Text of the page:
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At Debate, Romney Plays for Independents and Moderates

by Carl Wicklander, published
Credit: Gage Skidmore

There is little unanimity in American politics, but one instance is that former Massachusetts governor Mitt Romney won the first presidential debate last week in Denver.

Fred Barnes of the Weekly Standard praised Wednesday as "the best night of Romney's bid for the presidency and that includes his 2008 campaign." National Review editor Rich Lowry commended that Romney, "not only won on substance, but won on optics, demeanor, and emotion. He flat-out won." Comedian and Obama supporter Bill Maher borrowed phraseology from the populist right when he joked on Twitter, "I can't believe I'm saying this, but Obama looks like he DOES need a teleprompter."

The unique aspect of Romney's debate performance was its substance. At times, Romney has been criticized for campaigning as if he was still contesting the GOP nomination: by appealing to the predilections of the right. His selection of Paul Ryan for vice president, his accusations that the Obama administration wanted to "sympathize with those waging the attacks" on September 11, 2012, and his fundraiser comment that "47%" of Americans are "dependent on the government" and how he does not have to "worry about those people" have all been steps that, despite his record as a moderate governor, inferred that he was flattering the right wing of his party.

To the chagrin of his supporters, Ryan has been underutilized and on Thursday, Romney admitted that his "47%" comments were "completely wrong." However, this and the Wednesday debate were parts of a campaign strategy to keep the base happy while Romney plays for independents and moderates.

Bucking many in his party on taxation, Romney said he would not "reduce the share of taxes paid by high-income people." He also attempted to placate both free marketeers and others by calling regulation "essential":

"You can't have a free market work if you don't have regulation."

On entitlements, Romney presented himself as the one who would save Medicare. Frequently criticizing the president for taking $716 billion out of Medicare to pay for the Affordable Care Act (ACA), Romney promised "no change for current retirees and near-retirees," while emphasizing that younger generations will have a choice between "the current Medicare program or the private plan." Romney criticized himself for his characterization of the president's plan and his own. He portrayed himself as the protector of Medicare.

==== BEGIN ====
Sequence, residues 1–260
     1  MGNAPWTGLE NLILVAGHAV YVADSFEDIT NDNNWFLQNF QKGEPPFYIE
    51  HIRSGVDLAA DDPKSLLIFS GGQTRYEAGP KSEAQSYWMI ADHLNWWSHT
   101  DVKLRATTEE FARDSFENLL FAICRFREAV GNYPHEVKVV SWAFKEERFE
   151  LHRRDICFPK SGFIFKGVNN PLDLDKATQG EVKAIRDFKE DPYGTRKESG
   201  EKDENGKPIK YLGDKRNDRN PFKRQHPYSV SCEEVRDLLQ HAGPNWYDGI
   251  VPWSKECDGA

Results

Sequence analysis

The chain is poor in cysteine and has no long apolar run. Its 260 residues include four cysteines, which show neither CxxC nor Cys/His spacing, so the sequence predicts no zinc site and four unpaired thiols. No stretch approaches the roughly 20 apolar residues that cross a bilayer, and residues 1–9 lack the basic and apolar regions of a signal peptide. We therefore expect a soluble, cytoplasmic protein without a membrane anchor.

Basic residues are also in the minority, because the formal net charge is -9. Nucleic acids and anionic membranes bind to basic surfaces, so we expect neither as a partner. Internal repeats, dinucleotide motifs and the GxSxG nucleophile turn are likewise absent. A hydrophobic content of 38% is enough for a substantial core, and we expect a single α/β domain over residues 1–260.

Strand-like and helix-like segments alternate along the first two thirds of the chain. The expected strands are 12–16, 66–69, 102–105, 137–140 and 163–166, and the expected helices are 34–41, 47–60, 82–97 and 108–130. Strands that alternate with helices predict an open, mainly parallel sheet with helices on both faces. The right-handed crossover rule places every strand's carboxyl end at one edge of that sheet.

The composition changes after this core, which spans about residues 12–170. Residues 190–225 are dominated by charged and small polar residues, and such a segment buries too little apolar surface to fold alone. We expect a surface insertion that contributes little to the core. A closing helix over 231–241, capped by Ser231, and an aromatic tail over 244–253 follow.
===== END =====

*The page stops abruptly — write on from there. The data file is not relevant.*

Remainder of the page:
On health care, Romney did not recoil from his Massachusetts plan that is often described as the forerunner to the ACA. Choosing not to dwell on the similarities of each policy, Romney emphasized the bipartisan nature of his versus the partisanship that accompanied the ACA:

"We had Republicans and Democrats come together. . . . What you did instead was to push through a plan without a single Republican vote . . . instead of bringing America together and having a discussion on this important topic, you pushed through something that you and Nancy Pelosi and Harry Reid thought was the best answer and drove it through. What we did, in a legislature 87% Democrat, we worked together. Two hundred legislators in my legislature, only two voted against the plan by the time we were finished."

Romney's strategy as personified in the immediate reaction from the debate seems to bear his strategy out. Borrowing a page from his 2002 gubernatorial campaign, Romney reminded independent voters that at least his health care plan had bipartisan support while President Obama's did not. Undecided voters watching the debate on NBC noted how Romney "stepped up" and changed the way they thought about the former governor and Romney appears to be regaining momentum with independents.

Automated polls conducted on Thursday by Rasmussen and We Ask America showed some contemporary movement. Although Romney remained static in Ohio, he gained two points in Virginia and four in Florida. The gain in Virginia is significant now that the Constitution Party's Virgil Goode, a former congressman, is officially on the ballot. Goode, who has polled as high as 9% in his home state also appeals to Republicans and independents, so Romney has an unusual amount of competition for this vote.

However, Nate Silver, a statistician who blogs for the New York Times warns:

"Polling trends can sometimes be odd in reaction to news events. One factor is that supporters of a particular candidate may be more enthusiastic, and more inclined to respond to surveys, after he gets a favorable development in the news cycle."

It took time and several mistakes for the Romney campaign to slide. It will take more debate performances like Wednesday night's to credibly change the game.  Without that, his momentum may evaporate. Mitt Romney made a pitch for independent and moderate voters, and he looks to keep it up.

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